Fort Southwest Point, Kingston, Tennessee ____________________________________________________________________________________
Some kids collect arrow points and instinctively know they want to be archaeologists when they grow up. In contrast, I discovered historical archaeology later in life while I was just starting college. During the fall of 1984 I was a sophomore at Roane State Community College in Oak Ridge, Tennessee. Sam Smith, a historical archaeologist with the Tennessee Department of Environment and Conservation (and a former graduate student of Charles Fairbanks) was starting an excavation project at Fort Southwest Point in Kingston, Tennessee. Sam hired local Roane State students as field crew members for the archaeology project. I took a semester off to work at the fort in 1984 and later worked at Southwest Point again in the summer of 1986.
Fort Southwest Point, located at the confluence of the Clinch and Tennessee rivers on a high bluff, was initially a small post manned by territorial militia beginning in 1792. By 1794, the post was occupied by a small contingent of federal soldiers. The soldiers protected Cherokee land from white settlement and escorted settlers to Nashville in the central part of the state. By 1801, the post eventually became the location of the federal Agent to the Cherokee Indians and Military Agent for the War Department in Tennessee. The post was eventually abandoned in 1811 and the military role of the fort shifted to Hiwassee Garrison on the Hiwassee River.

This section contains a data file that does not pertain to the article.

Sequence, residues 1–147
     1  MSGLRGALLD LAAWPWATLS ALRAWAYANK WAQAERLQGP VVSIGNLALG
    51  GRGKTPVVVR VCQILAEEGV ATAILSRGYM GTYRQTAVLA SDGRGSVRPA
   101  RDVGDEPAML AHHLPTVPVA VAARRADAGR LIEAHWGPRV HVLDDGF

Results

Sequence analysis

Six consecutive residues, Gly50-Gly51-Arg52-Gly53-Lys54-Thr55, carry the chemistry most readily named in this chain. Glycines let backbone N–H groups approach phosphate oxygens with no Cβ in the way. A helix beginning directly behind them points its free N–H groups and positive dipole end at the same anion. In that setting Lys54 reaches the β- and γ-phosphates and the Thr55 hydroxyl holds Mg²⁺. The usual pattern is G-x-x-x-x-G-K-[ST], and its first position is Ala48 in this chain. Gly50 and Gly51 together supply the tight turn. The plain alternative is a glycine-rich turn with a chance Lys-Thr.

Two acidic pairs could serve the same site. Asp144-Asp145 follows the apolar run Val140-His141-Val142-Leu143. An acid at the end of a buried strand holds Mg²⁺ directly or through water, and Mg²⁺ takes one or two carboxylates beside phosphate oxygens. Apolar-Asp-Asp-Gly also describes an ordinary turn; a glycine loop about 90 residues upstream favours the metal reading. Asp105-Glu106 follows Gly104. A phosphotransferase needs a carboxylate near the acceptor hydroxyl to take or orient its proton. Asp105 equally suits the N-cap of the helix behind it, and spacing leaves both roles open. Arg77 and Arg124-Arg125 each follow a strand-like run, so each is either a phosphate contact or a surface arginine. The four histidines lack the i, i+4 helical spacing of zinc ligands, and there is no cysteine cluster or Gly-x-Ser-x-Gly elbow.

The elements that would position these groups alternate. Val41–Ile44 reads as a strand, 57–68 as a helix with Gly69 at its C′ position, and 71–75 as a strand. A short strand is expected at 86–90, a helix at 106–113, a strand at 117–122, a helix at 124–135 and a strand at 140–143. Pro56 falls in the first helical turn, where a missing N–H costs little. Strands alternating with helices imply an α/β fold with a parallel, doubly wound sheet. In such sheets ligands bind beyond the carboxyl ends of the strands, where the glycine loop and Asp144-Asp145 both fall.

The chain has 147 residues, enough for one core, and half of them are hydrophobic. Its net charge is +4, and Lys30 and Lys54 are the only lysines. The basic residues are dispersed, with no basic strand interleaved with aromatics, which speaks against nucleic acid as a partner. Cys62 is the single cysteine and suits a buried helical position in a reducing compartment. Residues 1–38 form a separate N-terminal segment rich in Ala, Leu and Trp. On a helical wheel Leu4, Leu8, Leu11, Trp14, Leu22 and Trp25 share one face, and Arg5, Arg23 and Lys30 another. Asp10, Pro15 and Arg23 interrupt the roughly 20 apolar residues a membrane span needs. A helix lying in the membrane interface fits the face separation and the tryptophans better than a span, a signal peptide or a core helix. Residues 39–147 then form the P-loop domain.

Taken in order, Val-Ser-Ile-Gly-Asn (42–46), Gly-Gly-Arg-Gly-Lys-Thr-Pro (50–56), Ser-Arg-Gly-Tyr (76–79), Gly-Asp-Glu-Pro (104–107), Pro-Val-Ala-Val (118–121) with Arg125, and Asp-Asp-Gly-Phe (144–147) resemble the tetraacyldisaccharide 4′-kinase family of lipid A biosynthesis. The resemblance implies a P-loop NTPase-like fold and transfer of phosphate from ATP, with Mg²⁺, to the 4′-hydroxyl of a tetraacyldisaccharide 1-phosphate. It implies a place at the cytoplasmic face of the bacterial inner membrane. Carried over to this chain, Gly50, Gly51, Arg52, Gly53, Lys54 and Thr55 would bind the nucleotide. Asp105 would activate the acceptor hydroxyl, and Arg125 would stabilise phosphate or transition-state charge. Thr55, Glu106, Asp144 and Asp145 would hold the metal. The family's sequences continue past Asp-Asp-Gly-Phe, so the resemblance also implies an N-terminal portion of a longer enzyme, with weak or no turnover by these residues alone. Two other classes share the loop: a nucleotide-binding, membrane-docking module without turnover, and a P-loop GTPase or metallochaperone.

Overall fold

During the 1984 and 1986 field seasons I helped excavate palisade trenches, the limestone foundation of a corner blockhouse, the trade house cellar, and a privy. I was hooked after this field experience, and decided to pursue historical archaeology as a career. Little did I realize that Fort Southwest Point was exceptional, and most historical archaeology sites are not quite as interesting as late 18th-century forts! Oh, well-- live and learn...
Probably starting out as a single blockhouse or small enclosure in the early 1790s, the fort was expanded over time, eventually forming a large rectangular compound when it was completed. The east end of the fort contained a large gate and corner blockhouses, forming a diagonal curtain wall for defense. Strategically overlooking the Tennessee River, the west end of the fort contained a large retaining wall that was probably used for cannon placement.
Artist's rendering of Fort Southwest Point, ca. 1810.*
*Fort sketch from:
Smith, Samuel D. (Editor) 1993 Fort Southwest Point Archaeological Site, Kingston, Tennessee: A Multidisciplinary Interpretation. Tennessee Division of Environment and Conservation, Division of Archaeology, Research Series No. 9., Nashville, Tennessee.
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